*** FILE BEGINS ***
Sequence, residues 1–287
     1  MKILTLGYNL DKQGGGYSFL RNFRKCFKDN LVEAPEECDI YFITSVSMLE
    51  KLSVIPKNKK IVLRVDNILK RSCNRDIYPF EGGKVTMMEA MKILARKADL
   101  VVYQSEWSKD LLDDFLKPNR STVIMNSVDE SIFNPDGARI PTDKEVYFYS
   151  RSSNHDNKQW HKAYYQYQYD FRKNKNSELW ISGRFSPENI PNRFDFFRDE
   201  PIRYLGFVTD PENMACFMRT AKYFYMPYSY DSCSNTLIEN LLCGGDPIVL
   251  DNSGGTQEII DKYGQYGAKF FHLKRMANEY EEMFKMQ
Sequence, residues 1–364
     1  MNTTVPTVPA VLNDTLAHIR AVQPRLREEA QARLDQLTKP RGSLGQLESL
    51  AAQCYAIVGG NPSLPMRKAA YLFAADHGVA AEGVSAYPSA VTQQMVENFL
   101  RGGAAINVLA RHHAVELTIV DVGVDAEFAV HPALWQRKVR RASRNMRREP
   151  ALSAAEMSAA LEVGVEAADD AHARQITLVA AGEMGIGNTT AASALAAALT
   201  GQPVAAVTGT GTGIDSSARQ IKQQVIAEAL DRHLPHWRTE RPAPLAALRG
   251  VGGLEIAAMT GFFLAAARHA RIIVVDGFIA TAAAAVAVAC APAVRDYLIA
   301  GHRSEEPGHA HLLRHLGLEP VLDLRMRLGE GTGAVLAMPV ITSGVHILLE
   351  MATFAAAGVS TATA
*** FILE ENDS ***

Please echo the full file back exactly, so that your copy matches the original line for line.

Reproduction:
Sequence, residues 1–287
     1  MKILTLGYNL DKQGGGYSFL RNFRKCFKDN LVEAPEECDI YFITSVSMLE
    51  KLSVIPKNKK IVLRVDNILK RSCNRDIYPF EGGKVTMMEA MKILARKADL
   101  VVYQSEWSKD LLDDFLKPNR STVIMNSVDE SIFNPDGARI PTDKEVYFYS
   151  RSSNHDNKQW HKAYYQYQYD FRKNKNSELW ISGRFSPENI PNRFDFFRDE
   201  PIRYLGFVTD PENMACFMRT AKYFYMPYSY DSCSNTLIEN LLCGGDPIVL
   251  DNSGGTQEII DKYGQYGAKF FHLKRMANEY EEMFKMQ
Sequence, residues 1–364
     1  MNTTVPTVPA VLNDTLAHIR AVQPRLREEA QARLDQLTKP RGSLGQLESL
    51  AAQCYAIVGG NPSLPMRKAA YLFAADHGVA AEGVSAYPSA VTQQMVENFL
   101  RGGAAINVLA RHHAVELTIV DVGVDAEFAV HPALWQRKVR RASRNMRREP
   151  ALSAAEMSAA LEVGVEAADD AHARQITLVA AGEMGIGNTT AASALAAALT
   201  GQPVAAVTGT GTGIDSSARQ IKQQVIAEAL DRHLPHWRTE RPAPLAALRG
   251  VGGLEIAAMT GFFLAAARHA RIIVVDGFIA TAAAAVAVAC APAVRDYLIA
   301  GHRSEEPGHA HLLRHLGLEP VLDLRMRLGE GTGAVLAMPV ITSGVHILLE
   351  MATFAAAGVS TATA